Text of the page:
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Manual Transmission Mechanism
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Manual Transmission Mechanism

Category: Mechanism
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Manual transmission, simply a gear box has been serving automobiles well from many decades. Even today it is the most popular transmission. Why transmission is required in an automobile? The power generated in the engine flows through the transmission before it reaches the drive wheels. The basic function of the transmission is to control the speed and torque available to the drive wheels at different driving conditions. For example, to up-climb a hill, you need more torque. By reducing the speed of the transmission, you will be able to achieve higher torque for the same power input. Conversely if the torque demand is low we can increase the transmission speed.

Manual transmission works on the simple concept of gear ratio. Transmission changes the gear ratio to make sure you get the optimum power for your engine to the wheels. The standard manual transmission is made up of an engine shaft (input shaft) which comes from the engine, output shaft which goes to the drive wheels, counter shaft which has all the gears. The input shaft turns the counter shaft, which turns all the gears on the output shaft. But all the gears move at different speeds. When the gears aren?t engaged they spin freely from the output shaft because they are not anchored to it.

Only one gear at a time spins the output shaft because of the hubs which are anchored to the output shaft. All the hubs have sleeves. The sleeves slide over the teeth on the gear and anchor them to the hub to drive the output shaft. There are also tiny little teeth. Matching up these tiny little teeth at the edge of our gear with the sleeves? tiny teeth is almost impossible. So between them are the synchronizers which cut the power of the counter shaft, let the wheels drive the output shaft for a change and when we push the synchronizer ring, it gets squeezed against our gear and locks it to the hub, so it is anchored to the output shaft. That?s why when we are shifting the gear, we get the huh-huh sound.

Some manual 5-speed transmissions have minor differences. The big gear which is in mesh with the counter shaft is the first gear. First gear is always gonna be the largest gear in the transmission producing more torque for the back wheel. It has a lot of fast turning force and making one big slow turning force. The slightly small gear next to first gear is second gear. Then goes third and the smallest one is fourth. On most four and five-speed transmissions, fourth gear is what?s called direct drive or one-to-one gear ratio. It means the input and out are turning at the same rate of speed.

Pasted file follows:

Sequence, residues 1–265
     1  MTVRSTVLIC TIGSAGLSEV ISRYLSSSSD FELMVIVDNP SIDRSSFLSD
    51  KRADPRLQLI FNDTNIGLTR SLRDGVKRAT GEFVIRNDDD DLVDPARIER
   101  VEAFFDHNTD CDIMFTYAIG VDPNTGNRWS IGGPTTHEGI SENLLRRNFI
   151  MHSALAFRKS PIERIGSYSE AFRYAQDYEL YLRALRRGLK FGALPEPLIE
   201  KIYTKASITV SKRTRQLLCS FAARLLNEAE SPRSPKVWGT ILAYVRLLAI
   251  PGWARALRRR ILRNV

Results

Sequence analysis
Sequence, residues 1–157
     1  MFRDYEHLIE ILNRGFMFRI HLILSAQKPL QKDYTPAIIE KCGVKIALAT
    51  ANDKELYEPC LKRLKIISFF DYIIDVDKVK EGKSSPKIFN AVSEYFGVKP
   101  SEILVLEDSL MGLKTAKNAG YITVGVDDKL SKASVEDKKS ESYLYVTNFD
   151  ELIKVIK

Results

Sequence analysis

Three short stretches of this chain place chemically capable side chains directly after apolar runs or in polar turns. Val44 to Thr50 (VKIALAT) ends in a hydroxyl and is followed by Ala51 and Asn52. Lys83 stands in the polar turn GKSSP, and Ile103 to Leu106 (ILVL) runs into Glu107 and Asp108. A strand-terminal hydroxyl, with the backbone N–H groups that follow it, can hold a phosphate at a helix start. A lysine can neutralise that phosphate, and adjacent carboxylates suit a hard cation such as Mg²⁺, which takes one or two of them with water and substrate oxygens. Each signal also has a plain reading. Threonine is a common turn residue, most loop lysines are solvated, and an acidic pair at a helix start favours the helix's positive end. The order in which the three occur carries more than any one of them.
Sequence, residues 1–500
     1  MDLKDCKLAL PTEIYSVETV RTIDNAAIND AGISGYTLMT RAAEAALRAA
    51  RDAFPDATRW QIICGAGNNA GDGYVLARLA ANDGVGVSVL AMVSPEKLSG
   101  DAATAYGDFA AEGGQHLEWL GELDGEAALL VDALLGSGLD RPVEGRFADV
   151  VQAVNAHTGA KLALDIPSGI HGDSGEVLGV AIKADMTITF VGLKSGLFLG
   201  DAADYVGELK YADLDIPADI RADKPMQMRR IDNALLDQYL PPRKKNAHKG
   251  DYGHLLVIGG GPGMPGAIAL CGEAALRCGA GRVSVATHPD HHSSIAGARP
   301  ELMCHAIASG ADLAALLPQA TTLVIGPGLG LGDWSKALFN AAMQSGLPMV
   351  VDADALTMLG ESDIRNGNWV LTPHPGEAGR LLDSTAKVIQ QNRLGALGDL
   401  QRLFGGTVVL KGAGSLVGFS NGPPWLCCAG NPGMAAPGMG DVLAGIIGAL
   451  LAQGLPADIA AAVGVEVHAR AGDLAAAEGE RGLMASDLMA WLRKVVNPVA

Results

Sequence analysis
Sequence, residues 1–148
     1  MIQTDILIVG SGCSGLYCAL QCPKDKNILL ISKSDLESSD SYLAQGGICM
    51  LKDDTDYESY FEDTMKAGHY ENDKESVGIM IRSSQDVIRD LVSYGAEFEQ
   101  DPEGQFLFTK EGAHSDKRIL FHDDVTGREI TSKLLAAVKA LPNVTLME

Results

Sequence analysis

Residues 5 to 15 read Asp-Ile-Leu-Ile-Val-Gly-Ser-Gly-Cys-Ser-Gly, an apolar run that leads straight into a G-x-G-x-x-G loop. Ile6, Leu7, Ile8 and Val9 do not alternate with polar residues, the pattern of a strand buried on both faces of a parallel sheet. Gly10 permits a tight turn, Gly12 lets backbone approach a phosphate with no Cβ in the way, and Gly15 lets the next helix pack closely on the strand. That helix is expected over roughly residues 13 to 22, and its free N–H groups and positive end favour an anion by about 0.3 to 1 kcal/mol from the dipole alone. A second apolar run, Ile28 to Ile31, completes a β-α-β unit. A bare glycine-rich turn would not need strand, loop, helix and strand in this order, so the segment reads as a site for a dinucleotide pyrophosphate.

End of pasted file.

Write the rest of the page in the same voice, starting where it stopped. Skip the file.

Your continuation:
The first gear transmission usually have the gear ratio of 3.83:1. This means the input should turn 3.38 times to see the output turn once. That?s nothing but torque. The second gear ratio is 2.062:1, third is 1.4:1 and as mentioned earlier, fourth gear ratio is 1:1.
Fifth gear hidden in the back and it is also called overdrive. First and third are called high gear ratios and fifth is called low gear ratio. In fifth gear one need to turn the shaft only 0.8 times to get the full turn on the output. That?s overdrive which gets much better fuel economy since we are getting power from the forward momentum of the vehicle which don?t need as much power going to engine or wheels. Some six and seven speed cars will have double overdrive for even better fuel economy at those high, higher speeds.
When reverse gear hits, it makes your drive shaft spin the same direction as the counter shaft. Drive shafts attach the wheels. When we shift gears, the wheels are gonna want to spin the counter shaft at a different speed than the engine is trying to spin it. We have to take that power off somewhere, or it will make a grinding sound. We do that using clutch. The clutch has a disc with high friction material on both sides. The engine is actually driving the flywheel and the input shaft to the transmission is mounted to the disc. When the disc is pressed firmly against the flywheel, it catches and can drive the shaft. The clutch is usually squeezed by the springs and attached to a pressure disc and anchored by the pressure plate which gets bolted to the flywheel. Most clutches use three springs. But in performance clutches we can have more and that makes the connection between the disc and the flywheel even stronger and more effective in high torque applications like racing. The diaphragm spring is connected to the pressure disc under the pressure plate. When you hit the clutch it pushes the centre of that diaphragm spring and that pulls up on the springs, which lifts the friction plate off the flywheel. When you let off the clutch panel and re-engage the friction disc, you are gonna bang right into action which we don?t want. We want ease into the movement. So attached to the friction plate there are other plates with coil springs in them. These springs are attached to a hub and that plate is the one that anchors the shaft and that goes to the transmission. Those springs absorb the jolt of re-engaging the friction plate to take a little stress off the other oarts of your drive train. One must try to get one and off the clutch quickly or it might burn out. That happens when the flywheel and the friction plate rub together too much.

Double clutch is clutching twich. Once when you shift into neutral tohit the gas and match the engine revs to the gear you want to go into. Then you hit the clutch a second time to shift into that gear. People always use double clutch when racing, driving big rigs and dunking.

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